The Drive-In Theatre was created by Richard Hollingshead Jr. In the early 1930s, many indoor theatre seats were small and uncomfortable, with crowds sitting shoulder to shoulder, so Richard developed a concept where people could watch movies in the comfort of their own cars.

Hollingshead experimented on creating the perfect layout for an Outdoor Theatre in the driveway of his home. Using a home movie projector and fastening a small screen to trees, Hollingshead tested sound levels and positioning the cars for the best movie viewing angles.

Hollingshead quickly recognized the problem of viewing movies from cars on a flat surface - with cars parked in front of each other, the viewers would be looking at the rear of the car in front of them, not the screen.   This led Hollingshead to create the ramp system, a vital part of any Authentic Drive-In Theatre. 

Hollingshead created mechanical lifts which the cars would drive their front two wheels onto. The lifts would then raise the front end of the vehicles slightly; providing guests a better, unobstructed view of the screen. The curvature and height of the ramps put the vehicles of the Drive-In Theatre guests into the most desirable position to view the screen. Later Drive-In Theatres would use sloped mounds of gravel and dirt on the ground to achieve the effect of raising the front end of the cars.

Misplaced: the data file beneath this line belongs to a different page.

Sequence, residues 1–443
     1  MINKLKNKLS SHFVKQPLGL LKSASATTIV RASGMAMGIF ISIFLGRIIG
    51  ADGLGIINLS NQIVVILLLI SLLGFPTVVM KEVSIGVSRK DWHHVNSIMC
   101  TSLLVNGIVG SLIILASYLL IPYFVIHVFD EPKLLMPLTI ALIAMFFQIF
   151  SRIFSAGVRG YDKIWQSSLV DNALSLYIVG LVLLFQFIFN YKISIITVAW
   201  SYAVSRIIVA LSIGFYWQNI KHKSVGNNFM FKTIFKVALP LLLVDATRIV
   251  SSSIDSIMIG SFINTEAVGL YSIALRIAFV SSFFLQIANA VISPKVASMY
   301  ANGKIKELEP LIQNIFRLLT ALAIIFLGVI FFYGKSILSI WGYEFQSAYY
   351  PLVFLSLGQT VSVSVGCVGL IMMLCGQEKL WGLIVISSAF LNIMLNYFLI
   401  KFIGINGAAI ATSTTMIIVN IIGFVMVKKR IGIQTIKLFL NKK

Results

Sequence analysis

Having completed his plans, Hollingshead applied for a patent, which he received on May 16, 1933. He opened his Drive-In, the first in the country, in Camden, New Jersey, on June 6, 1933.

The second Drive-In Theatre, the Shankweiler’s, opened in Pennsylvania on April 16, 1934. The Shankweiler’s is still in operation and is now the oldest continuously operating seasonal Drive-In Theatre in the United States. 

Though the existing Drive-In Theatres were busy, the growth of the number of Drive-In locations was slow.  Just 100 were located across the United States by 1942.  This may have been due to the patent that Richard Hollingshead owned on Drive-In Theatres. Since Hollingshead controlled the patent for Outdoor Theatres, any prospective Drive-In Theatre owner needed to license the concept from Hollingshead and pay royalties. The start of World War II further slowed the spread of Drive-In Theatres as America turned its attention to the war efforts.